Remembering 9-11 - (Part 6 - Clearing the Airways)
When I started writing about 9-11, my main focus was on the flight crews of the four flights. But as I continued gathering information about that unforgettable day, I found out that not only were our “Heroes 33” forgotten, but also those involved in getting close to 5,000 planes back on the ground quickly and safely. Getting this humongous task accomplished were the air traffic controllers, the flight crews, and many other behind-the-scenes workers, as well the country to the north of us – CANADA. So let’s travel back to that day and see how they did it.
At 9:17 a.m. on September 11, 2001, civil aviation authorities (which included Jane Garvey, head of the Federal Aviation Administration (FAA); Andy Studdert, chief operating officer of the FAA; Ben Sliney, National Operations Center Manager for the FAA; and Norman Mineta, the Secretary of Transportation) were given orders to start closing down the airways. Who actually gave the order is still not clear, but what is clear is that there are many unanswered questions that have either been avoided or hidden so that we the public may never know the real truth of that day. But here is what I have learned.
At 9:17 a.m. all five of the airports in the New York City area were shut down.
At 9:26 a.m. the FAA issued a national “ground stop” preventing all civilian flights from taking off.
At 9:45 a.m. the following 11 words were sent to all cockpits within the United States by air traffic controllers, “EVERY AIRPLANE LISTENING TO THIS FREQUENCY NEEDS TO CONTACT YOUR COMPANY!” (1:1)
Once these words were issued, thousands of pilots began dialing up their company operations centers via airborne communications systems that allowed crews to contact the ground either with email or voice mail. The information the pilots heard was, “Terrorist attacks; deny access to cockpit; get your plane landed as soon as possible!” At this point three aircraft had already crashed, the last being Flight 77 at 9:37 a.m., and Flight 93 was by then known to have been hijacked. It is sickening to think that when this information went out, Flight 93 was still airborne being piloted by a terrorist named Ziad Jarrah.
Within 20 minutes, 500 airplanes had safely landed within the United States. Imagine how much of a team effort it was for the crews to get these airplanes down – the pilots coordinating airfields and routing while the flight attendants ended services and made the cabin ready for landing. Airplanes were diverted to the closest, safest airfield, and within an hour, 75% of the U.S. aircraft (3,339) were back on the ground. (Source: Atlantis and the Earth Grid, Dec 23, 2009.) But the crews’ work continued as many airplanes had touched down in unfamiliar territory. The crews worked on calming the passengers, and once they were deplaned, helped local ground staff with transportation and lodging accommodations. School gyms and church buses became instrumental in caring for thousands of stranded passengers flying that morning.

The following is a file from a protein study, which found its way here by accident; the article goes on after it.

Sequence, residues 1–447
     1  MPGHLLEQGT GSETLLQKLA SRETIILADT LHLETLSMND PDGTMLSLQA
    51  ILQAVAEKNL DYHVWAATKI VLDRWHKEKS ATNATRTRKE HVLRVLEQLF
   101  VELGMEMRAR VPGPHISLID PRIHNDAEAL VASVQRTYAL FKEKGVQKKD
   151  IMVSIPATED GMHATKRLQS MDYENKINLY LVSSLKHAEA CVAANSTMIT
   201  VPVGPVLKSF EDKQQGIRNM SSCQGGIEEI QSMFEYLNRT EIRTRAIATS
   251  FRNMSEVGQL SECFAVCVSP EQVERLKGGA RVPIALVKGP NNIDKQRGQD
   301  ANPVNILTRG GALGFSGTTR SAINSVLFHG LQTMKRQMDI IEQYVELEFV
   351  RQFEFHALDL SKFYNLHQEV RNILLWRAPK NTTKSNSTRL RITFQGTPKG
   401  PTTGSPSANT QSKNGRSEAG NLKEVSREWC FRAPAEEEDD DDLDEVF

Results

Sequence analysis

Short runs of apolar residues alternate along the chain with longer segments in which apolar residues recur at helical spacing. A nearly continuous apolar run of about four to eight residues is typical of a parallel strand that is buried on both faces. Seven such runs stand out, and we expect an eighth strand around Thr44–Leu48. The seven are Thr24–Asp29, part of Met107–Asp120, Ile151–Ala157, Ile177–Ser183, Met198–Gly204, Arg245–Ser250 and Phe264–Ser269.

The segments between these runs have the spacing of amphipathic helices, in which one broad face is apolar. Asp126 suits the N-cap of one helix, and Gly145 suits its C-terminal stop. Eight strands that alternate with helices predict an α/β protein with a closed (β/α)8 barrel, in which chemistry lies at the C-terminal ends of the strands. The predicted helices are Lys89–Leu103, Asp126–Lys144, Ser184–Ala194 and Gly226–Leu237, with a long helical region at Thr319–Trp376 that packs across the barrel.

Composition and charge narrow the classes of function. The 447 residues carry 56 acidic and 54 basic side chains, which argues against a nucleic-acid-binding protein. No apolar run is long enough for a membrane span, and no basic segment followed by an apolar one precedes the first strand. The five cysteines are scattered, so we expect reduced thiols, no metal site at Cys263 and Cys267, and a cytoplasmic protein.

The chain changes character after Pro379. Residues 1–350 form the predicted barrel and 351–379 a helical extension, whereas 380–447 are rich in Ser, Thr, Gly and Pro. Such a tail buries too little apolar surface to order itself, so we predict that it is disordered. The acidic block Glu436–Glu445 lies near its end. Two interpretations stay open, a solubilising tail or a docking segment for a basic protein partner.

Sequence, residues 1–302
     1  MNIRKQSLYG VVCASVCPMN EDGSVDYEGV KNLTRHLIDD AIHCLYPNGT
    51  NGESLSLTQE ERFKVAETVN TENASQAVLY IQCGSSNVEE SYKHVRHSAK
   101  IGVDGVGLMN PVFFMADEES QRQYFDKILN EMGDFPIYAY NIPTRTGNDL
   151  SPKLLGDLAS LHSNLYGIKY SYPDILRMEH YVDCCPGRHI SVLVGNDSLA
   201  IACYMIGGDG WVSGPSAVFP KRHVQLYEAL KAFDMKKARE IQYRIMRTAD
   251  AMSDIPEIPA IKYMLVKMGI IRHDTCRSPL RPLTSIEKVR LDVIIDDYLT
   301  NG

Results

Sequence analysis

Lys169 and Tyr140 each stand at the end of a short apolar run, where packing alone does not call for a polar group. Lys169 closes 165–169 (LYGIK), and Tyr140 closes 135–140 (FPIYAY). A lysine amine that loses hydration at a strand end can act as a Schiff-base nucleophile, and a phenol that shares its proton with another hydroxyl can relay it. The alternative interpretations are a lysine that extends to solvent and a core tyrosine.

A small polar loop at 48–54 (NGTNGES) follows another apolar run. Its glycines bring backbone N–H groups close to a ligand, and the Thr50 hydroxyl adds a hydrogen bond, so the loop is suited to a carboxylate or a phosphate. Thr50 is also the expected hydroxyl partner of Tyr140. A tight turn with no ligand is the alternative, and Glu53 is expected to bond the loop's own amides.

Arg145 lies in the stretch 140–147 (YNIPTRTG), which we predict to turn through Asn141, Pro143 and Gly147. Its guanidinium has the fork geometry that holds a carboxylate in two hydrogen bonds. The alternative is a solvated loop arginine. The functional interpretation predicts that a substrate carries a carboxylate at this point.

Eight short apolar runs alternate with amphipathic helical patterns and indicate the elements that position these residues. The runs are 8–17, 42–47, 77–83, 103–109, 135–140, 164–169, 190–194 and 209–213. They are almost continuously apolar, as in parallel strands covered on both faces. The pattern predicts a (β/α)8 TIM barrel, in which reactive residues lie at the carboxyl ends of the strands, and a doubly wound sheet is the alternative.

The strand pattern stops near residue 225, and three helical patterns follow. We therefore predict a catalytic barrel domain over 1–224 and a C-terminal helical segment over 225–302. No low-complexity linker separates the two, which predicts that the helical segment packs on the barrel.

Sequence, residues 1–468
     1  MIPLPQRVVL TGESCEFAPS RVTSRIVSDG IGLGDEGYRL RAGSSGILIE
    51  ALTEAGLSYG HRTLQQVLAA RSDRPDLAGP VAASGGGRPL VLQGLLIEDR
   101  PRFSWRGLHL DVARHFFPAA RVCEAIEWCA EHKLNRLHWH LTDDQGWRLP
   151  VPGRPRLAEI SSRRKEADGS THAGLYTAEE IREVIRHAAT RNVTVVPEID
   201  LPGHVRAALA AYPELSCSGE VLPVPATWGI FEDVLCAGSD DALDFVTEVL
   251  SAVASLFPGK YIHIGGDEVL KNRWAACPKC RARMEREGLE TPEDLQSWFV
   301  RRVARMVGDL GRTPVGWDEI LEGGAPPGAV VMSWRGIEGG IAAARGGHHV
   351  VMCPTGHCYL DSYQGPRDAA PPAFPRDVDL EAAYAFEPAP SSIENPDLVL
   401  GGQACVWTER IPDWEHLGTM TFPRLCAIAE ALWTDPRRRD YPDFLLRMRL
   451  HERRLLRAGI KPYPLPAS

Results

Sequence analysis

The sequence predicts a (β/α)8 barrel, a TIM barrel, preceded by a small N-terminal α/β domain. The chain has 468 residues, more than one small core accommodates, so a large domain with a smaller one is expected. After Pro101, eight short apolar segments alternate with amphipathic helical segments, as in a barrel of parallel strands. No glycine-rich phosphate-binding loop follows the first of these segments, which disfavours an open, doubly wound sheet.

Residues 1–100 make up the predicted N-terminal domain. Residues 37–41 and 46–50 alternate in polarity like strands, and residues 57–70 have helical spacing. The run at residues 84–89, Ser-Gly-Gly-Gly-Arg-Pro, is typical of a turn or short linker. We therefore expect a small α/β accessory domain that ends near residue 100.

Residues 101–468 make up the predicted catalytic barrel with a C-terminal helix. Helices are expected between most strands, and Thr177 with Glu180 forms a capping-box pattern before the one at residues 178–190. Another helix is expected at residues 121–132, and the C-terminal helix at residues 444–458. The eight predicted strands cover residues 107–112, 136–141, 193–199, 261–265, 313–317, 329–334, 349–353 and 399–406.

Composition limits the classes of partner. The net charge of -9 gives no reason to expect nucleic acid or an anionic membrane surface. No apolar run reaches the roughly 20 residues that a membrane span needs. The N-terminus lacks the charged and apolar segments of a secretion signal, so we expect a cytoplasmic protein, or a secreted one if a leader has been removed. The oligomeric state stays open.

At 10:31 a.m., the FAA ordered that all transatlantic flights be diverted to Canada. With this order, our northern neighbors went into action. Without their incredible help, there could have been more disasters that day.
It started with an operation called “Yellow Ribbon” (OYR). OYR began by closing Canadian airways to domestic traffic in order to accommodate the inbound international flights that were more than half way along their routes to the U.S. or Canada. In all, there was close to 500 planes, and 255 of them were U.S. airlines. On the East Coast, the provinces taking care of the transatlantic flights were Newfoundland and Labrador, Nova Scotia, and Ontario. British Columbia and Alberta took care of most of the Pacific inbounds. Halifax, Nova Scotia, had the most planes land there – 47. Vancouver, British Columbia had 34 and Gander, Newfoundland, had 39. Two airports had only one wide body aircraft land: Deer Lake Airport in Newfoundland and Yellow Knife in the Northwest Territories, only 250 miles south of the Arctic Circle. There are many stories told of the incredible kindness and generosity of the Canadian people (which I will cover in another article).
Making “Operation Yellow Ribbon” so successful were two organizations. The first was Transport Canada, the government department responsible for all of Canada’s transportation regulations, policies and services whose headquarters is located in Ottawa, Ontario. The other was Nav Canada, a nonprofit privately run company, with 2,000 air traffic controllers, 800 flight service specialists and 700 technicians. I’m sure many of these 3,500 employees had an incredibly tense day that September morning.
How loving and understanding our northern neighbors were during our time of crisis, shutting down their own aviation system to accommodate our needs in this first major terrorist attack on our homeland. They opened their arms, their communities and their homes unconditionally and gave us 17 different places to land our aircraft. Thank you Canada! Your people were there for us all the way.
Finally, a huge “Thank you” to our U.S. air traffic controllers that were working that day to bring so many airplanes safely down so quickly. Considering the epic task given them that morning, they came through with flying colors.
By 3:30 p.m. EDT our U.S. airways were silent and empty. In this quiet, thousands were reflecting on the life changing stories that had occurred that day.
(Note: Source for events and times were from the following references:
1. September 11: Chronology of terror, CNN.com, 8/12/02
2. FAA controllers detail Seep 11 events, AP, 8/12/02
3. VAA chapter 15 News Archive, vaa15.org
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